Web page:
This open philosophy resonates with me deeply — particularly because the judgments implicit in Gates’s quotation remind me of why I stopped practicing Judaism (the hierarchy created when one type of practice, and therefore one person, is set above another). When it holds sway I do work out every day, I stop putting sugar in my tea, switch from cream to milk in my coffee, and generally try to cut back on unhealthy snacking.

Because I’m young and healthy the changes in my body are gratifyingly rapid. If I’m good for two or three days I notice a difference. If I can sustain this lifestyle for two or three weeks I strut around like an Adonis.

However, questions always resurface. I’ll start to feel guilty about practicing to control my weight. I’ll think, why should I push myself this hard? I still look good without going to these extremes. I should resist this toxic celebrity culture and its impossible standards (this last thought drifting in from somewhere out of my liberal arts education).

On the mat we learn to accept our bodies. We learn to listen to their creaks, complaints, and gripes. We learn to respect our limits, but not always believe them (a topic for a whole post at another time).

Yet, I see many yogis, and yoga teachers, struggling with the issues of body image in the same ways I have. One of my good yoga teacher friends, who I won’t embarrass by naming, once asked my opinion on a shirt she was trying on. “What do you think of the back?” She asked. “Does it do weird things with my back fat?”

The shirt pushed the skin just below her arms up, giving the illusion that she was a little heavier than she actually was. “Umm,” I hedged.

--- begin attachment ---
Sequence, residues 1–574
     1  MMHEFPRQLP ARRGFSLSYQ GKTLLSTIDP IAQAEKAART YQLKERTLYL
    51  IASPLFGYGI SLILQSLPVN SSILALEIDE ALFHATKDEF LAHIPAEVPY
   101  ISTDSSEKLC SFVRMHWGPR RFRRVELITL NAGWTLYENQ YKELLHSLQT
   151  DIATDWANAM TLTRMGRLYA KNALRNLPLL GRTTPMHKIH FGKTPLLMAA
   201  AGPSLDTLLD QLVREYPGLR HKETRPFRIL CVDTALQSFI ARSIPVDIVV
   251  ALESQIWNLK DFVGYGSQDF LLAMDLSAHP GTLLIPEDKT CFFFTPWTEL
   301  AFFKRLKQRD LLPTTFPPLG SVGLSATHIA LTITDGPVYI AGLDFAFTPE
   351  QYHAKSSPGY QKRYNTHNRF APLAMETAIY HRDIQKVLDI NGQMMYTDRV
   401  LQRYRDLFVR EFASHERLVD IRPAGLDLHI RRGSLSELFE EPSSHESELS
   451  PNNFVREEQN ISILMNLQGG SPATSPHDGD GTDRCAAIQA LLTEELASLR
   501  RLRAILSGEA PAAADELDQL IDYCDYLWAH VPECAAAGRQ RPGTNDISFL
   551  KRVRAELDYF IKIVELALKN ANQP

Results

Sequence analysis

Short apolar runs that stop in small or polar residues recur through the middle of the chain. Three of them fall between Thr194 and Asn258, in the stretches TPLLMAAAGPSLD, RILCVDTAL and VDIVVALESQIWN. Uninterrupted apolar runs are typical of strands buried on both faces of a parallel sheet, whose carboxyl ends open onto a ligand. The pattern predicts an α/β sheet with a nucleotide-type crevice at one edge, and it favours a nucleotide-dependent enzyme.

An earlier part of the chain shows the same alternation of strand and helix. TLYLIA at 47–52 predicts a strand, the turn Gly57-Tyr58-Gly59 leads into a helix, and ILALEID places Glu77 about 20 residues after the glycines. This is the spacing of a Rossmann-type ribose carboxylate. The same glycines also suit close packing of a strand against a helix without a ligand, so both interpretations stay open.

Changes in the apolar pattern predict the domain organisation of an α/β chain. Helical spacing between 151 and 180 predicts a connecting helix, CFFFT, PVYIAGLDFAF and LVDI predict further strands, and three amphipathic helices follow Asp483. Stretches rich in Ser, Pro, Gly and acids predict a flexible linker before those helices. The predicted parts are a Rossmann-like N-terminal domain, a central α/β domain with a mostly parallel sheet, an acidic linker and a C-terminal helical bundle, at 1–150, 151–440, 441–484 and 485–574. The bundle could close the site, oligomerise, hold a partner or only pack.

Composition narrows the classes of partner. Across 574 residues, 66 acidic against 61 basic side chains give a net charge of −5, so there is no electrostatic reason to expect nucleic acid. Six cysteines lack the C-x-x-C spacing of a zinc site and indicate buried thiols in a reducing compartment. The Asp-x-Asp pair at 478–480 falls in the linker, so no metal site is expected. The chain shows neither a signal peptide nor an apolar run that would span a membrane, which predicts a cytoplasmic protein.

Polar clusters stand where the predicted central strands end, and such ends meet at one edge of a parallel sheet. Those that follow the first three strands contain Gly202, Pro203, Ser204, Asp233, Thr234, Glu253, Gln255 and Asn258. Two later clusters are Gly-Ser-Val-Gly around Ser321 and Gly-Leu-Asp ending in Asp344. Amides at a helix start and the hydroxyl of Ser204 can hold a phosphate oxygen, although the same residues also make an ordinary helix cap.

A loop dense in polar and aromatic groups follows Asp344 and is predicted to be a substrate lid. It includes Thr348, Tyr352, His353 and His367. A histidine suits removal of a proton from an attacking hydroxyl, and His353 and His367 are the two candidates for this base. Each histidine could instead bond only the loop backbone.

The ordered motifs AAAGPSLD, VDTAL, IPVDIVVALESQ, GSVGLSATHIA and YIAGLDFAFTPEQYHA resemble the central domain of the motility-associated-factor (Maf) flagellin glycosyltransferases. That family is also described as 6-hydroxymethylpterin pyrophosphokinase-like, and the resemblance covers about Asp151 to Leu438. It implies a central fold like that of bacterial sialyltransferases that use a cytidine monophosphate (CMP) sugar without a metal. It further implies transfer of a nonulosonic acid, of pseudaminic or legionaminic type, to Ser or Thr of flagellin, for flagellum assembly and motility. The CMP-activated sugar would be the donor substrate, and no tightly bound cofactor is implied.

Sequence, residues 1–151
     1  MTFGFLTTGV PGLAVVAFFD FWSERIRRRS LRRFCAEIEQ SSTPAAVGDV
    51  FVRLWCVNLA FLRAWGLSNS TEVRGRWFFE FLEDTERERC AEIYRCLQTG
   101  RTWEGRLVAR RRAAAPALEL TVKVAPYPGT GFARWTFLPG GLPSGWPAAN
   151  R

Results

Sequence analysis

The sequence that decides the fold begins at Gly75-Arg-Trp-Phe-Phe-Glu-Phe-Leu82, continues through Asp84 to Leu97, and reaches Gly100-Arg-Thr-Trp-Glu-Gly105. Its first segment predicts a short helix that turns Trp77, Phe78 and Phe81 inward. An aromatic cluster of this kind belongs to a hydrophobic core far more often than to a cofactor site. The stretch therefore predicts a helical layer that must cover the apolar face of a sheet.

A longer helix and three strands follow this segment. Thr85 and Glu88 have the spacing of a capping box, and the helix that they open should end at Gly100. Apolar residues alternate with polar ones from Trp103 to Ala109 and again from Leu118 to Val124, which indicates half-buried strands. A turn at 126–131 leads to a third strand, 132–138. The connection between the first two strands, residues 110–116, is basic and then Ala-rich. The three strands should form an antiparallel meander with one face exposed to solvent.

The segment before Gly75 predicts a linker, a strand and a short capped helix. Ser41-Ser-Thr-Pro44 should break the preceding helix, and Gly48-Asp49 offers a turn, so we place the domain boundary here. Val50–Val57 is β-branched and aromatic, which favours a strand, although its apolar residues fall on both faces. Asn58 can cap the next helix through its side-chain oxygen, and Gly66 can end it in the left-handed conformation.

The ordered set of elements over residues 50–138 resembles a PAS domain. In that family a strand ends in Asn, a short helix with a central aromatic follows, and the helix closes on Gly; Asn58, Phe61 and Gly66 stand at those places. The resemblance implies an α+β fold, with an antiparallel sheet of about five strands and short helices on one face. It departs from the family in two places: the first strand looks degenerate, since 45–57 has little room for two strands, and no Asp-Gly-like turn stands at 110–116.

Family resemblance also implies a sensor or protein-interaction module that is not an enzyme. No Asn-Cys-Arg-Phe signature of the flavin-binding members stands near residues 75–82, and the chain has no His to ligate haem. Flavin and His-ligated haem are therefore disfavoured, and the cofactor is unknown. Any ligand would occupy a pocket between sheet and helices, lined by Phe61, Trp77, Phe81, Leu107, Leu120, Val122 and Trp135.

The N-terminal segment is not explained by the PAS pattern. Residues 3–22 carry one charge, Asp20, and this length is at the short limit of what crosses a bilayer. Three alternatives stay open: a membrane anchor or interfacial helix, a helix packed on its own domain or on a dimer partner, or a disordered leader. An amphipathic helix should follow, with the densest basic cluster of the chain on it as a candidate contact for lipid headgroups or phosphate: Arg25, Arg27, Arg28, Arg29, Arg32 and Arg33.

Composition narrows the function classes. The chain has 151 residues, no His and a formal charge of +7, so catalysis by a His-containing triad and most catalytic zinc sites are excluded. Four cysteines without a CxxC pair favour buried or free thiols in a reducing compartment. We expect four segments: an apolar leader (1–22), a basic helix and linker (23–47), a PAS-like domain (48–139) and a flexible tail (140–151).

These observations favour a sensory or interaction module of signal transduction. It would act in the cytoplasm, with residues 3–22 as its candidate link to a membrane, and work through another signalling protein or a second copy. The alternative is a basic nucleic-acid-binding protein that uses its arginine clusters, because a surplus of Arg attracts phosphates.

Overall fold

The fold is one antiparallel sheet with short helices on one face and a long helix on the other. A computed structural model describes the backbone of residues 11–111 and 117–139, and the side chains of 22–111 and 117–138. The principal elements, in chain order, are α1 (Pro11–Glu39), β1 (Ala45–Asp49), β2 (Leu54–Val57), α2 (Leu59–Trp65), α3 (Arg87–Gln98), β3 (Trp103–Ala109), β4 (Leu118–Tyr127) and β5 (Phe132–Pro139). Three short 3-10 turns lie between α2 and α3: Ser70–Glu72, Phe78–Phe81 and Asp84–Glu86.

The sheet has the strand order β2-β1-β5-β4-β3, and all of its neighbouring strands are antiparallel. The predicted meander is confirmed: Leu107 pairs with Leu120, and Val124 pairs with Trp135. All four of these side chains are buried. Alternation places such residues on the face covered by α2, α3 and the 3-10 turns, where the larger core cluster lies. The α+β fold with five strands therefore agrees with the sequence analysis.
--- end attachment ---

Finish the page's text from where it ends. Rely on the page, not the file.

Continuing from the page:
“Yeah,” she agreed, “you’re right. It does make me look fat.”

“It’s not that bad,” I protested, because it was true. The shirt looked good and I probably wouldn’t have noticed the press of skin under her armpits if she hadn’t pointed it out.

“I know,” she admitted. “It’s just my own personal issues. If one of my girls had said that shirt made her look fat I would’ve told her not to be ridiculous.”

I hear stories like this all the time.

It seems we know we shouldn’t judge our bodies, but it’s another thing entirely to put that knowledge into practice. The challenge is compounded, in my own case at least, by the fact that I feel guilty about still wanting to lose “just those last three to five pounds.”

I worry sometimes about how much those words sound like someone with a weight disorder. Rationalizing, I’ll think, I don’t really want to lose weight, just replace a few pounds of fat with a few pounds of muscle. 

Gates talks about a similar phenomena in Meditations from the Mat. “Throughout my own spiritual journey, the behavior that has caused me the most suffering is not my anger, but my anger at having become angry in the first place…If I were being spiritual, I scold myself, then I wouldn’t get angry.”

This sounds a lot like what I do. Feeling guilty about wanting my body to be perfect has caused at least as much suffering in my life as my attachment to the idea of what I want my body to look like.

The solution, according to Gates, is not to, “succumb to the tyranny of our own self-judgement. We can observe our reactions with awareness, and let them go.”

This can be extremely challenging and, honestly, I don’t know if I’m ready to let go of my own impossible standards.

However, I can keep trying and I think I am ready to let go of feeling guilty about those standards. If I can manage that, I will have let go of half my suffering. Who knows? Maybe without my guilt contributing to its half of the cycle I may find myself ready to let go of my image attachment as well.

Like everything else, it’s a process.